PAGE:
Friday, May 24, 2013


A great favourite of roots performers, Griffin's songs are go-to material for the likes of Emmylou Harris, Mary-Chapin Carpenter, Dixie Chicks and even Solomon Burke.  Blessed with the classic Americana voice, she could be Southern, she could be Texan, but in fact comes from Old Town, Maine.  No matter, she has the grand ability to write a timeless tune that evokes the past and tugs at the heart.

This latest is a largely acoustic affair, porch music played tenderly, pushing the ear towards her confident croon.  She comes close to Harris at times, but when she leans into the notes has a blues tone that comes out, to great effect, a very pleasing vocalist.  Backing her guitar and mandolin players that include Luther Dickinson of the North Mississippi All-Stars, and his brother Cody on percussion, although several songs dispense with such noisy intrusions.  It's a brave writer and artist to focus on so many soft numbers, but that's a strong suit with such a confident singer.  Also joining in is the huge presence of one Robert Plant, with whom she works as a singer in Band Of Joy, and is dating/married to/something.  Plant sings so softly here, you can't recognize the famous pipes, but they have a pleasing sound that way.

While Griffin does rev it up a bit in a couple of numbers, the core of the album is found in its calmness, matching the spiritual search in much of the material.  It's a human search for a quiet soul.  Opener Go Wherever You Wanna Go is a song about relief of burdens, those of a soldier who know longer has to fight, a worker no longer sweating or worrying about bills, the singer offering a child-like freedom of a sunny day with no rules.  Ohio, a full duet with Plant, features a touch of the African drone sounds with which he's familiar, and offers up the titular river as a mystical meeting point, where love and blood flow outside of time.  God does show up a couple of times, once as a wild old dog, another time as an old, beaten man cries in fear that he's been forgotten in his faithful, hard-working life.  This is old-time religion in new parables.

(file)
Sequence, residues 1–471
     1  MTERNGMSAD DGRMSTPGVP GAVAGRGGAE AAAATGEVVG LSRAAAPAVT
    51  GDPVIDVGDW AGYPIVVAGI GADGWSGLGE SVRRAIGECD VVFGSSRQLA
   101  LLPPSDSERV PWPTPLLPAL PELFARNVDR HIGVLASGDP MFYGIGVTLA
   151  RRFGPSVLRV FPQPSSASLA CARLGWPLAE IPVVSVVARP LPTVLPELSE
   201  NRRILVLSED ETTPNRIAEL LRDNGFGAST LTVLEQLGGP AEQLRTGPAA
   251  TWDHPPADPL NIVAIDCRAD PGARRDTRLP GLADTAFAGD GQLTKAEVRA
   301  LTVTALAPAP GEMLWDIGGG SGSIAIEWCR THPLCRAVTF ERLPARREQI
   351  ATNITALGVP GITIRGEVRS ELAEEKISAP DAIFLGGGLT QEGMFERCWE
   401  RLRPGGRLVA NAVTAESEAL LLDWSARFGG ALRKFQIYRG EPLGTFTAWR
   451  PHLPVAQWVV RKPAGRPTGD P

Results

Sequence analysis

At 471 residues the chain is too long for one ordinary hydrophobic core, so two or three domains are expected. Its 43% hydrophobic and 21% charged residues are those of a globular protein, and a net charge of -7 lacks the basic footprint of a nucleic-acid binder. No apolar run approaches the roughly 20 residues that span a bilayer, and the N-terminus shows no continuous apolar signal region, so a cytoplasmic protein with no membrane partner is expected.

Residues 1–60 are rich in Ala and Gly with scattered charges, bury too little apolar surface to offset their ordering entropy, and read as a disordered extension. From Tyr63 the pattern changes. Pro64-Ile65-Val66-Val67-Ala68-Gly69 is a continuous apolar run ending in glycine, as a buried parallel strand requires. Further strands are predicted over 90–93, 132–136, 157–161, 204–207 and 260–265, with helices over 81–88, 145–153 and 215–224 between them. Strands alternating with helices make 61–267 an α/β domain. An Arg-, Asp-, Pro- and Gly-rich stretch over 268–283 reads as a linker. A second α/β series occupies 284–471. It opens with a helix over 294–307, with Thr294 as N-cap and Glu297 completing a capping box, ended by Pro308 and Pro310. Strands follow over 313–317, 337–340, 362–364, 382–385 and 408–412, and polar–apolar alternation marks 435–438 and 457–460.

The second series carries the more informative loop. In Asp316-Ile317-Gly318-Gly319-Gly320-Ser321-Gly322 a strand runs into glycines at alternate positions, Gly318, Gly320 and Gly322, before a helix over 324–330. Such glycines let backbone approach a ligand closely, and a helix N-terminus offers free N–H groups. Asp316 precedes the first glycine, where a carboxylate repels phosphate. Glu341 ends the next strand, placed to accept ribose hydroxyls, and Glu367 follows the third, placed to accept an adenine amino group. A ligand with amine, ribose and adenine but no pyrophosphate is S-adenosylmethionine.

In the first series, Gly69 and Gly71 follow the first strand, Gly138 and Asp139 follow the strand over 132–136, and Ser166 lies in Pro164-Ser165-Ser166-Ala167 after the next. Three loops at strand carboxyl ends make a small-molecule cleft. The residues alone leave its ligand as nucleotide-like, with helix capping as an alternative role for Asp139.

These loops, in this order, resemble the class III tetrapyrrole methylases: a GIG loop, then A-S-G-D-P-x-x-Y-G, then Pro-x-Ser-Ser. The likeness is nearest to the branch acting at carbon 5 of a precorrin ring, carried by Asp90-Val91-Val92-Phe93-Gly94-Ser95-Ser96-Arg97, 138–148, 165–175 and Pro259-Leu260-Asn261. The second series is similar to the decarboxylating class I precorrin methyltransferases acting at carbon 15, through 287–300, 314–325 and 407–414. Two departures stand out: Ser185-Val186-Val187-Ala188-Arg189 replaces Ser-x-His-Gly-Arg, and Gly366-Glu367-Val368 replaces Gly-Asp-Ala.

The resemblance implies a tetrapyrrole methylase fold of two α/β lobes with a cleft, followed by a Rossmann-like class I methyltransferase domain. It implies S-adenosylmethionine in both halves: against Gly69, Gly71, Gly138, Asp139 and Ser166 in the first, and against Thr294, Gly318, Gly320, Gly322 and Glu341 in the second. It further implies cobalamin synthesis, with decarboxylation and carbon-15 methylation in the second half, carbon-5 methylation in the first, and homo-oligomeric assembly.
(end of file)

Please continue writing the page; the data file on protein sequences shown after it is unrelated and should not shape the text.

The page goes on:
Don't be scared though, the beauty wins above all, especially on the lovely duet, again with Plant, Highway Song.  While still an acoustic song, it has a nifty atmospheric bed and some dreamy effects on the organ that add a modern touch.  I'd never once point to this as an old-time listen, but it sure keeps those good values.

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